The Supplier Pathway To The Retail Grocery Shelf – Every year, national brands as well as small food manufacturers propose new products which compete for limited retail store space. Retailers are offered many more products than they can carry, which correlates to a great deal of bargaining power. That reality along with the fact that a grocery chain can track customers shopping habits better than any industry puts them in a position of control. What’s trending today may drive shelf space decisions, but products and brands that “turn” (perform) command the shelf space for the long term. Every square inch of shelf space and floor space is planned to maximize sales performance… whether it’s in-line space, pods, end caps and even warehouse space.
So, what pathway is the best supplier pathway to the retail grocery shelf? The traditional presentation direct to the retail buyer/category manager for the product(s) you carry assures you a chance to open lines of communications that are keys to success in the long run. Maintaining those communication lines will aid in your products longevity on the shelf. The presentation typically provides a sample of the product; information on the cost of the product and the projected financials (e.g., sales and margins); the marketing plans to promote the product to consumers; and research on purchasing trends and the success of various products in the category. The retailer and supplier also typically discuss funds – slotting, promotional, introductory allowances or discounts – some of which would lower the retailer’s per unit purchase cost for an initial period. The location of “local/ regional sections” vary by retailer planograms and can also vary by store. These includes in-line shelf space, end caps and various product discovery pods, fixtures, stands, tables and racks.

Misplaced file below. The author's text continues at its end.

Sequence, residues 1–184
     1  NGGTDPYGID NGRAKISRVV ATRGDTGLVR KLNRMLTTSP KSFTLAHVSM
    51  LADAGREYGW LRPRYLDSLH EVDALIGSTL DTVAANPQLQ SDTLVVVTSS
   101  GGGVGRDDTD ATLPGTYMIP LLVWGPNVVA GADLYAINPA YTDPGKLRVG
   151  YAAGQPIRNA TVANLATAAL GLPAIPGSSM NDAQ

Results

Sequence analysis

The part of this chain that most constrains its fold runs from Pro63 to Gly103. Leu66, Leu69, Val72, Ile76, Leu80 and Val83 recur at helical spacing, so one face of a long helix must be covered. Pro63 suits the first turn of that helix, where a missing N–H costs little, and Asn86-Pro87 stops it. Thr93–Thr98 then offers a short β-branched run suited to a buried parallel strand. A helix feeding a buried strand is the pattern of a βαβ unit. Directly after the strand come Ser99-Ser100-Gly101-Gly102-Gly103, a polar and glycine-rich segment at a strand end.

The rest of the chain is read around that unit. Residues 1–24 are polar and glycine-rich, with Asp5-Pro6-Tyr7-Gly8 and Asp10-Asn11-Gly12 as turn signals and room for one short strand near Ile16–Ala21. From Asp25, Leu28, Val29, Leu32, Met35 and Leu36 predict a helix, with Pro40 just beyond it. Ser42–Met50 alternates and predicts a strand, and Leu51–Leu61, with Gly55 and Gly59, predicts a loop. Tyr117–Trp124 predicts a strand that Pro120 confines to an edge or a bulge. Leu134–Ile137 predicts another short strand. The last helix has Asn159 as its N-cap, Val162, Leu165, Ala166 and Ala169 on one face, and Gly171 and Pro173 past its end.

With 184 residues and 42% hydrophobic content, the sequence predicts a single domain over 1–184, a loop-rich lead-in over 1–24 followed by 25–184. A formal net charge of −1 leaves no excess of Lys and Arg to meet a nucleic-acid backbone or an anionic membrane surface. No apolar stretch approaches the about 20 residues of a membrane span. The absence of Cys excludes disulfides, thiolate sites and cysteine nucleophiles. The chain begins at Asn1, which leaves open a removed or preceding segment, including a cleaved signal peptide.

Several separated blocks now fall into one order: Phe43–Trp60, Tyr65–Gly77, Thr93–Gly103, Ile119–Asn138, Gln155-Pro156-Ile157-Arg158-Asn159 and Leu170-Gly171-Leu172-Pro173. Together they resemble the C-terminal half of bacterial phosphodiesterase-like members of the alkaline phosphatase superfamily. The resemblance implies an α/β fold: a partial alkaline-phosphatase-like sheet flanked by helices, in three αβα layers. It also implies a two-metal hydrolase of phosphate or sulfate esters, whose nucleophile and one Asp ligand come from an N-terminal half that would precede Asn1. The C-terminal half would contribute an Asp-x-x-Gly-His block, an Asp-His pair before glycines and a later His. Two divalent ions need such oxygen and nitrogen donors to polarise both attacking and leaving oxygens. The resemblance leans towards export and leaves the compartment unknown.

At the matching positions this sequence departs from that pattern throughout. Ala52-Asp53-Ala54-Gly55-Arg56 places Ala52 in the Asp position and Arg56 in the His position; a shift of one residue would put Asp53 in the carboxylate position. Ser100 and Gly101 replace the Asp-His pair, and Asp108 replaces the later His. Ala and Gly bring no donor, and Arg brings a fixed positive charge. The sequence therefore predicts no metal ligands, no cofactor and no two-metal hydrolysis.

The pathways to the shelf relating to distribution and merchandising are all controlled by the retailer. For products that check the box as “local or regional”, and show potential in sales volume, distribution options include direct store delivery (DSD), DSD through approved 3rd party distribution aggregators/ merchandising partners, or the retailer agreeing to stock item(s) at their warehouse. Key is to understand that the distribution and merchandising of a product is much different than the manufacture of the product.
THE PATHWAY OF LEAST RESISTANCE– There is no doubt that “local” products have and will continue to be important trends, but performance on the shelf determines longevity. The Got To be NC program and our grocery partners take great pride in working together to streamline product distribution. It is our collective desire to provide our membership with options that will establish your retail grocery presence quickly and effectively. Many retailers have established relationships with distribution aggregators/ merchandising partners whose product mix focuses on “local”. This business model serves both our membership and retailers well in streamlining the pathway to the shelf.
Ask our Retail Marketing Specialists more about this option to open doors to retailers within North Carolina!
Retail Maketing Specialist: Randy Maness email@example.com : 919-707-3133
Retail Marketing Specialist: Bruce Whitehead firstname.lastname@example.org : 919-707-3140